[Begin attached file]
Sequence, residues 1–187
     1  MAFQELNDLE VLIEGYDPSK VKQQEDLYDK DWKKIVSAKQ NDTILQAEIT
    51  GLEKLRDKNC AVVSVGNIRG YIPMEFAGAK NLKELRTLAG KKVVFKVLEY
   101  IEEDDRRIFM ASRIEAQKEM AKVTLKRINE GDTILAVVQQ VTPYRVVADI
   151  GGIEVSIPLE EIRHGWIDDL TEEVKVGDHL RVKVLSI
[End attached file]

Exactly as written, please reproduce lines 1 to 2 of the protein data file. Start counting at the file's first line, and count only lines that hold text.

Sequence, residues 1–187
     1  MAFQELNDLE VLIEGYDPSK VKQQEDLYDK DWKKIVSAKQ NDTILQAEIT